Tag: Fat Loss
The human body is built and rebuilt everyday from and by proteins.
Protein plays an important role in any fat loss program. To lose weight you must restrict the number of calories you consume. However, when you cut down on what you eat, the body starts using muscle protein as energy – so it’s important to get enough protein from your diet to cover these losses. Among other important functions, protein is essential for
stimulating cell growth and helping to repair body tissue. Foods rich in protein help the body build lean muscle and can be converted into glucose for energy. Because this method of
energy is more time consuming for the body, the body burns more calories digesting proteins, and does not convert as readily to stored fat. (As with food rich in carbohydrates and
fats) This is one reason why high protein, low carbohydrate diets are popular for those attempting to lose weight and build muscle. And protein does a better job of filling you up and keeping you full longer than carbohydrates or fats.
Any type of exercise or physical training increases the body’s need for additional protein which is why athletes and those with very active lifestyles generally consume a higher daily intake of protein. Since protein is the building blocks for new muscle tissue, it is a staple for anybody (or any body builder) wanting to pack on a little (or a lot) of mass. Training alone will not make the body grow. And a lack of quality protein will result in a loss of muscle tissue and tone, as well as reduction in the function of your immune system, a slower recovery rate, and a lack of energy. If you fail to get enough protein on a daily basis, you’ll quickly lose strength and slow down your metabolic rate. The body will also breakdown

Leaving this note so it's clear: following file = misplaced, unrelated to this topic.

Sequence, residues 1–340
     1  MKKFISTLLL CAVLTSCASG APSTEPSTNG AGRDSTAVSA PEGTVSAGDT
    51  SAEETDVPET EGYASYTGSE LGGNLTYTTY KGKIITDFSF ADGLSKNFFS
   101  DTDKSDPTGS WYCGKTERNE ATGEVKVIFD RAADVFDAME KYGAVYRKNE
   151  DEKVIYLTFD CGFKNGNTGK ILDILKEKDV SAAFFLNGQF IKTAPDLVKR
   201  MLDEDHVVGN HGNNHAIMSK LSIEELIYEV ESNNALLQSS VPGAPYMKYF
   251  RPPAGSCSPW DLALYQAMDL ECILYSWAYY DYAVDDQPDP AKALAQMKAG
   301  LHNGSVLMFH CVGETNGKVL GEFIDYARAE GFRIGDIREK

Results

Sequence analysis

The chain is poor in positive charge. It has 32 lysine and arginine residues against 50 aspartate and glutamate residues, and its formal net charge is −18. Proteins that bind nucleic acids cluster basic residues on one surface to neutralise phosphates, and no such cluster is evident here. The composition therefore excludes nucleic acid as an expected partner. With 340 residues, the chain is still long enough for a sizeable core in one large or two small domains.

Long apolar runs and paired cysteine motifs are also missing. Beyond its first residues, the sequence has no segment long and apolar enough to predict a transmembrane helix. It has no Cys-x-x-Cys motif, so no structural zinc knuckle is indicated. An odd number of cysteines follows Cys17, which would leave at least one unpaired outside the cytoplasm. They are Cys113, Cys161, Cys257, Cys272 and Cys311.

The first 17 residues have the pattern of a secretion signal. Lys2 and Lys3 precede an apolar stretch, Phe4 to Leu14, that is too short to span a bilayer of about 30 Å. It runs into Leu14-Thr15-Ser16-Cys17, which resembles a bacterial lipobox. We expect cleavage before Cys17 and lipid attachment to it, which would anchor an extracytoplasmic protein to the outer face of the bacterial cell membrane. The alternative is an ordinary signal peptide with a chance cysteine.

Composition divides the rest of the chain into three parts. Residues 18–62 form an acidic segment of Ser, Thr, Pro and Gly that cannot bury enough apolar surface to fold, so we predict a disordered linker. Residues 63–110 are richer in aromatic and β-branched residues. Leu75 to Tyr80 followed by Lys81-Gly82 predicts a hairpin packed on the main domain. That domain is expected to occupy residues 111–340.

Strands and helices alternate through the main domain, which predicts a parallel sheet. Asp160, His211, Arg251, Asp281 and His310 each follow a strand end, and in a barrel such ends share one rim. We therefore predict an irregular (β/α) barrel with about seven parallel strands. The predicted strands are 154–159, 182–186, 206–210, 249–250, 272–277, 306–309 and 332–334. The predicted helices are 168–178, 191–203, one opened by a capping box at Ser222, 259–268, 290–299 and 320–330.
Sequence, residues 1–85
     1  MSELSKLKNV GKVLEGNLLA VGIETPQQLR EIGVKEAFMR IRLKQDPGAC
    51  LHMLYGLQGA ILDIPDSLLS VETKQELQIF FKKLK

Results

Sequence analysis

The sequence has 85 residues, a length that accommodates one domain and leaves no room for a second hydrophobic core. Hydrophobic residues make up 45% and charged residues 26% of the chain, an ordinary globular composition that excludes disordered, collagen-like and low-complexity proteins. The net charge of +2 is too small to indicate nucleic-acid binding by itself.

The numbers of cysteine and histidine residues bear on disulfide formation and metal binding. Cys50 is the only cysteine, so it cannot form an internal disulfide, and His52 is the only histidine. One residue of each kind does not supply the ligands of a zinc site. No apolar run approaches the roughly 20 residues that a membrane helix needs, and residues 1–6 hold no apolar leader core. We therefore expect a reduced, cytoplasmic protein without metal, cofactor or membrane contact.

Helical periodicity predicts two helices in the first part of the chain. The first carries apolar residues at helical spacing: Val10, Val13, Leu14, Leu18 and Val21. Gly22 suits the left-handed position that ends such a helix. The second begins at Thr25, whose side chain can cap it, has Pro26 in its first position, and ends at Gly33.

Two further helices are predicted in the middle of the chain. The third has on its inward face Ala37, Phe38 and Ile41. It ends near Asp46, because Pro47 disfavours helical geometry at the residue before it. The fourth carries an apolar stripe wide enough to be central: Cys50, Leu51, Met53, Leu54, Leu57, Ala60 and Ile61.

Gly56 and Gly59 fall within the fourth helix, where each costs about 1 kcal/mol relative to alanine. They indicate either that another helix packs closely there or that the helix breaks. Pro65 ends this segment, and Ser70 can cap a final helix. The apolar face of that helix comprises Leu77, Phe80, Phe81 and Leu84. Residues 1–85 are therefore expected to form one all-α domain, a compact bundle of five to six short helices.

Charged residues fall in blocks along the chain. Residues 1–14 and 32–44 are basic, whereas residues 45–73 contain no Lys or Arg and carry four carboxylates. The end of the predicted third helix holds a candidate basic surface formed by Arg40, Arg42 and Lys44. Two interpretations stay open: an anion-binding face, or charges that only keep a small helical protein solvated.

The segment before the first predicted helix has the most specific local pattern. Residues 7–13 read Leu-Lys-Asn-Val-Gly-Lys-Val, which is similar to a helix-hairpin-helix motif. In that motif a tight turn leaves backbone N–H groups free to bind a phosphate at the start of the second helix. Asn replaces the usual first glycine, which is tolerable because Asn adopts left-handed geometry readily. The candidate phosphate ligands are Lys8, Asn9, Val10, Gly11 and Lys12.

muscle and conserve protein for basic, life sustaining needs and may not perform other duties such as healing and immune function if protein intake is not sufficient.
Proteins are found in all varieties of foods; however, some forms of protein are more healthful and beneficial than others. Choose foods that are complete proteins and do not contain high saturated fats or sugars. Fish and poultry are excellent choices of high protein foods, as are foods in the legume family including: beans and lentils. Eggs, cottage cheese, yogurt (and other dairy); as well as various nuts and seeds are also protein rich choices. Red meats contain a great deal of protein, but take care to choose lean cuts of meat, avoiding the extra fat.
A Whey protein shake makes for excellent snack or a meal replacement for those trying to lose weight. Most protein powders mix easily with milk, water or juice and will quickly add 25 or more grams of protein a day. And shakes are easy to make and very portable, making it simple to get your protein on the go. Here is a “recipe” that combines 3 of my all time favorite flavors: Chocolate, Coffee, and Coconut!
Coco- Mocha Protein Shake
1 scoop chocolate whey protein
1 tsp instant coffee granules
~8 oz of coconut water (or unsweetened coconut milk)